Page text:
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Gallbladder Pathology Online

Pathology of Cholelithiasis (gallstones)

Dr Sampurna Roy MD 


Cholelithiasis is defined as the presence of stones within the lumen of the gall bladder or in the extrahepatic biliary tree.


Gallstones vary in composition. Sometimes they consist entirely of cholesterol, or of calcium bilirubinate.

More often they are composed of alternating layers of cholesterol, calcium bilirubinate, or cholesterol and calcium carbonate and phosphate.

Protein is another constituent.

Mixed cholesterol stones are the commonest.

Pure cholesterol stones are unusual and pigment stones account for approximately 20% but are much more common in Asian countries.

Black and brown pigment stones exist.

Black pigment stones are more usually associated with hematological disorders and brown ones are formed in association with infection.

Pigment stones are always associated with crumbly stone debris.

In cholelithiasis the gall bladder may show any number of changes, it may be normal or have mild hypertrophy of the muscle coat with some loss of mucosa and variable chronic inflammation is seen.

Biliary fistulas may lead to gall stone ileus if the fistula is duodenal.

Clinical course of gallstones:

Gallstones may remain "silent" in the gallbladder for many years, and few patients ever die of cholelithiasis itself.

One study that followed patients with initially asymptomatic gallstones for upto 11 years found that half remained asymptomatic, one-third developed significant symptomatology, and fewer than 20% developed serious complications.

The incidence of severe complications rose with increasing age. 

Some studies indicate that the 15-year cumulative probability that asymptomatic stones will lead to biliary pain or other complications is less than 20%.

These statistics bear upon the question of whether to perform cholecystectomy for asymptomatic gallstones.

In some otherwise healthy individuals, the small risk associated with cholecystectomy may justify elective surgery.

However, when diseases that increase the operative risk, such as cardiac or pulmonary disorders, are present there is little reason not to manage "silent" gall stones conservatively.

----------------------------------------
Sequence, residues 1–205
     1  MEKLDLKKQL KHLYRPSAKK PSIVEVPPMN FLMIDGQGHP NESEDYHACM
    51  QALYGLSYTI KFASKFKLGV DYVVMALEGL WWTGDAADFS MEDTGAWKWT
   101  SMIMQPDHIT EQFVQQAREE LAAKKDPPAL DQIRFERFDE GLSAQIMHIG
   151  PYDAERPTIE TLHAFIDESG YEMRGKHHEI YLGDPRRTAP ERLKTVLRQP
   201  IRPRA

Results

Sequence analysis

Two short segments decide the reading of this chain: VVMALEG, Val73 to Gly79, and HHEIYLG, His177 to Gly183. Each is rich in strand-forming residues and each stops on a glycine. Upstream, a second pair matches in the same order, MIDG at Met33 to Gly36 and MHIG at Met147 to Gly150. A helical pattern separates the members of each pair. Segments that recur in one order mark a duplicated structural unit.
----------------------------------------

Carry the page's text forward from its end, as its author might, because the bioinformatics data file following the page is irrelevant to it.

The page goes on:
On the other hand, more cautious physicians recommended that all asymptomatic patients be treated medically unless symptoms supervene.

Diabetics present a special case, because acute cholecystitis in these patients carries a high risk of serious complications, and cholecystectomy during the acute disease is far more dangerous than elective surgery.

Medical treatment of gallstones has now become a possibility. Oral intake of a bile acid, chenodeoxycholic acid or taurocholic acid , and percutaneous instillation of cholesterol solvent into the gallbladder have dissolved radiologically documented gallstones. Lithotripsy has also been used.

Most of the complications of cholelithiasis relate to the obstruction of the cystic duct or common bile duct by stones.

Passage of stone into cystic duct often, but not invariably, cause severe biliary colic and may lead to acute cholecystitis.

Repeated episodes of acute cholecystitis may lead to chronic cholecystitis.

The latter condition can also result from the presence of stones alone.

Gallstones may pass into the common bile duct (choledocholithiasis), where they lead to obstructive jaundice, cholangitis, and pancreatitis.

In populations where alcoholism is not a factor, gallstones are the most common cause of acute pancreatitis.

Passage of a large gallstone into the small intestine may cause intestinal obstruction, a condition called gallstone ileus.

In obstruction of the cystic duct, with or without acute cholecystitis, the bile in the gallbladder is reabsorbed, to be replaced by a clear mucinous fluid secreted by the gallbladder epithelium.

The term hydrops of the gall bladder (mucocele) is applied to the distended and palpable gallbladder, which may become secondarily infected.

 Visit:  Cholesterol stone : click here ;Pigment stones (calcium bilirubinate); "Mixed" stones


Further reading:

Risk-factors of cholelithiasis and chronic cholecystitis during pregnancy  

Inflammatory diseases of the gall bladder and biliary system.

Cholelithiasis and cholecystitis.

Histopathological changes in gallbladder mucosa in cholelithiasis: correlation with chemical composition of gallstones.

Pathogenesis of gallstones.

Silent gallstones: a therapeutic dilemma.

Asymptomatic cholelithiasis revisited.

Cholelithiasis in childhood. Proposals based on a muticentric study.

Management of asymptomatic lithiasis .

Gallbladder wall inflammatory cells in pediatric patients with biliary dyskinesia and cholelithiasis: a pilot study.

Neoplasms and dysplasias of the gallbladder and their relationship with lithiasis. A case control clinicopathological study.









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